Wine labels might be able to help alert consumers to brands they haven’t been able to find.
As barcode labels get printed in anticipation of Oct. 17, the date in which the legal recreational use of cannabis becomes official in Canada, there are some question as to whether demand for marijuana will live up to its billing.
As reported by the Ottawa Citizen, Canada’s 10 largest cannabis producers say they have the ability to pump out approximately 1.8 million kilograms of cannabis per year as early as 2020, assuming nothing goes awry between now and then. However, the Parliamentary Budget Office believes that by 2021, demand will top out at 734,000 kilograms annually.
This presents a pricing dilemma for both producers and dispensaries, eager to make a profit off of cannabis, an aim that may falter if they miscalculate how interested consumers are in buying.
Vic Neufeld, Aphria CEO, speculated in a conference call earlier this year that producers may need to rein in their expectations.
“Unless someone’s out there hiding 100,000 kilograms, we’re looking at a real shortfall,” Neufeld warned at the time.
Regular cannabis consumers are primarily in the territories.
While Canada is one of the more permissive countries in the world for marijuana usage, a relatively small fraction of the populace consumes it on a regular basis. According to data compiled by Statistics Canada, just 16 per cent of Canadians 15 years of age and older have smoked cannabis in the last three months. In certain parts of the country, the usage rate is much higher, specifically the territories like Whitehorse (23 per cent), Yellowknife (27 per cent) and Iqaluit (33 per cent).
However, Michael Garbuz, legal counsel and corporate strategist with cannabis investment firm CannaRoyalty, told the Ottawa Citizen that oversupply isn’t necessarily a bad thing. In fact, it may ultimately prove to be a net positive because it will force suppliers to think more strategically.
“If you’re able to make product, whether it’s dried bud or advanced product (like edibles or oils), that resonates with consumers,” Garbuz stated. “That’s going to be the key to success.”
He further stated that businesses selling cannabis will need to more assiduously analyze their custom label strategy to entice buyers through branding. In short, dispensaries may need to adjust their sales pitch to show why their product is better than their competitors’.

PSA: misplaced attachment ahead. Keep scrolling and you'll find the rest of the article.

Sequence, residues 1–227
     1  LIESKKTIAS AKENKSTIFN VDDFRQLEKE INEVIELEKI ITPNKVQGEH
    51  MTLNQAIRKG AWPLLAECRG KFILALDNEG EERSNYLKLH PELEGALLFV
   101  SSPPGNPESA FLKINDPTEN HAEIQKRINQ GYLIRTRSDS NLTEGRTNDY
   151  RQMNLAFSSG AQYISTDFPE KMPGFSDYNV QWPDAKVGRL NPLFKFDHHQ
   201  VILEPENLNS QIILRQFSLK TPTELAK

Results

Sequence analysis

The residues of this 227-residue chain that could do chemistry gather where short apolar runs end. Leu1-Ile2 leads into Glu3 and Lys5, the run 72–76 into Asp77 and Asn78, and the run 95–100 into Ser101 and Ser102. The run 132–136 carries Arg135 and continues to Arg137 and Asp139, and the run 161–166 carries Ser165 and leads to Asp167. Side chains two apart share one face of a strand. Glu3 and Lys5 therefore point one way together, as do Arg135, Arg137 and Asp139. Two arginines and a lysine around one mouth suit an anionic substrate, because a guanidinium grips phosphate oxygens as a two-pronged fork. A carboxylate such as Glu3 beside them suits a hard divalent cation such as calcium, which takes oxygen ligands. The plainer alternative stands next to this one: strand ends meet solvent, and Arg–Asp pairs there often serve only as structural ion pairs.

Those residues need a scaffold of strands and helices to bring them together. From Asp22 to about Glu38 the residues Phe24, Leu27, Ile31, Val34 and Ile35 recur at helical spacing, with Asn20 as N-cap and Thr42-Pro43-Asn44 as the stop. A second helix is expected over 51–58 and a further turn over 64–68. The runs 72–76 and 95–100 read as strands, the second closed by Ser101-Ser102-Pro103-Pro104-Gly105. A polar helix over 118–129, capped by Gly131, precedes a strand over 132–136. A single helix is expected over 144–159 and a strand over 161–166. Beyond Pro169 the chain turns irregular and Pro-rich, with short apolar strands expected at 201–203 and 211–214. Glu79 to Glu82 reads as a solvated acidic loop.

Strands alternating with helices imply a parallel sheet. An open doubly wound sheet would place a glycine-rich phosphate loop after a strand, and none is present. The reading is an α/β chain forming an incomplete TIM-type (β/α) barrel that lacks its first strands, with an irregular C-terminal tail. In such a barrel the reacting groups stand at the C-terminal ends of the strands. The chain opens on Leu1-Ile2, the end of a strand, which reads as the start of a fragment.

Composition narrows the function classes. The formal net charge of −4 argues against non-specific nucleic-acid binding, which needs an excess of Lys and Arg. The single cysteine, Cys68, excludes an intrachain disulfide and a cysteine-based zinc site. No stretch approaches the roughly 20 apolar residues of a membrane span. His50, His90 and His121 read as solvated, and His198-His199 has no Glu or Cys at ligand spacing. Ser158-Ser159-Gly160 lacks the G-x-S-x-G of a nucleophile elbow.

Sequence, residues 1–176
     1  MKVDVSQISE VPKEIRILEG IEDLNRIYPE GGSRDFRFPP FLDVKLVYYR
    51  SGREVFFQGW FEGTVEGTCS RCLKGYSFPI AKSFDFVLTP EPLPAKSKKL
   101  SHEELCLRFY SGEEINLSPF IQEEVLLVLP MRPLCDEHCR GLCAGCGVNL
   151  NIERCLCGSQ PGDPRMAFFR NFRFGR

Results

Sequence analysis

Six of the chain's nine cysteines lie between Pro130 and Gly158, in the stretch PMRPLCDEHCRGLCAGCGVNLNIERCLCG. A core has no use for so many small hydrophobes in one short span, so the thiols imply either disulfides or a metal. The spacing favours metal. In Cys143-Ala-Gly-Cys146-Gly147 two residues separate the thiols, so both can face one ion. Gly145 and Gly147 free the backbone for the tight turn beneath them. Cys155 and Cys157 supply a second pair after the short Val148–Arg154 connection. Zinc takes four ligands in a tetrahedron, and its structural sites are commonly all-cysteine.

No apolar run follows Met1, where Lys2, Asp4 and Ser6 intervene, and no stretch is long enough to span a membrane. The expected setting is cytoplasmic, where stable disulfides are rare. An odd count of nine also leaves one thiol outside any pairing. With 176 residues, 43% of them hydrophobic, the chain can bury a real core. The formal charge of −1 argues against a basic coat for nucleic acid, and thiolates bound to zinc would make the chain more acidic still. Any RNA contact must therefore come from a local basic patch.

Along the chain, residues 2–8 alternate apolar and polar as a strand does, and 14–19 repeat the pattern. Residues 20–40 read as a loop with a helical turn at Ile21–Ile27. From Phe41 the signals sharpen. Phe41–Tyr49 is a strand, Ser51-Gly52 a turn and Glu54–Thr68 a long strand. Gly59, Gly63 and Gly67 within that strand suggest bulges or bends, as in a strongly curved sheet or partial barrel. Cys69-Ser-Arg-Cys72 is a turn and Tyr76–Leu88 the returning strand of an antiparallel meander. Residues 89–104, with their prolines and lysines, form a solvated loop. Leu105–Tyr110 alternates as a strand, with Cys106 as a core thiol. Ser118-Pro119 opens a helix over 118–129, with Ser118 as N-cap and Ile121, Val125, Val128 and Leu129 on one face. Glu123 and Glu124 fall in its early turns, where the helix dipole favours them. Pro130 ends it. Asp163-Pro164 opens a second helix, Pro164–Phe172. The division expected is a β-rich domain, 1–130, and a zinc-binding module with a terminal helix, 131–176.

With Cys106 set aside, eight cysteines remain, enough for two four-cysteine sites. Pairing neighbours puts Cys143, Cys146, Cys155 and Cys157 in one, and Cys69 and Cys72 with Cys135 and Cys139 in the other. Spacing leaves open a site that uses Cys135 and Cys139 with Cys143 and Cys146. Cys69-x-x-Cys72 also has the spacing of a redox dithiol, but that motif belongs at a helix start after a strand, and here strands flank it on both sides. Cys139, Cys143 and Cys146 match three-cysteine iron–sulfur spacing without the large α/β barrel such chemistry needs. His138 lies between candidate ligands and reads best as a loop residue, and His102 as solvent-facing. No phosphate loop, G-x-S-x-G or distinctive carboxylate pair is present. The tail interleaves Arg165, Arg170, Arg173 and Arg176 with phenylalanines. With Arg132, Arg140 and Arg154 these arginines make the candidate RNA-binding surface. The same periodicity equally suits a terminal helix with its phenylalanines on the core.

“For companies who are not able to sell product effectively, it’s going to be a bad situation for them,” Garbuz warned.
52 lawmakers voted in favor of Bill C-45.
With the legalization dateline less than a month away, recreational cannabis use was green lit back in June, when the Senate overwhelmingly voted in favor of its legalization, 52 lawmakers supporting Bill C-45 and 29 opposed. The go-live date would have been installed sooner, but legislators wanted to give business owners the room they needed to implement the appropriate regulations so they can sell the cannabis-based products with the proper protocols in place. The delay in implementation has also given businesses more time to diversify their offerings and applying horticultural labels to make them distinguishable.
Ian Irvine, Concordia University professor of economics, told the newspaper that dispensaries may have to wait awhile before determining what the market is for their product and what they’re able to charge.
“There’s going to be pressure on prices, I think,” Irvine predicted. “If there’s a lot of production capacity out there in the legal market, then that’s going to squeeze prices down, at least.”
Regular marijuana users spent a considerable chunk of change on cannabis, with nearly 50 per cent of Canadians who consume it daily paying $250 over the last three months, according to Statistics Canada.
But even if producers do have a glut of cannabis on their hands in the post Oct. 17 world, there’s plenty of international demand for marijuana. Last year, over 400 kilograms of cannabis oil product in Canada was sent to overseas markets, the Ottawa Citizen reported.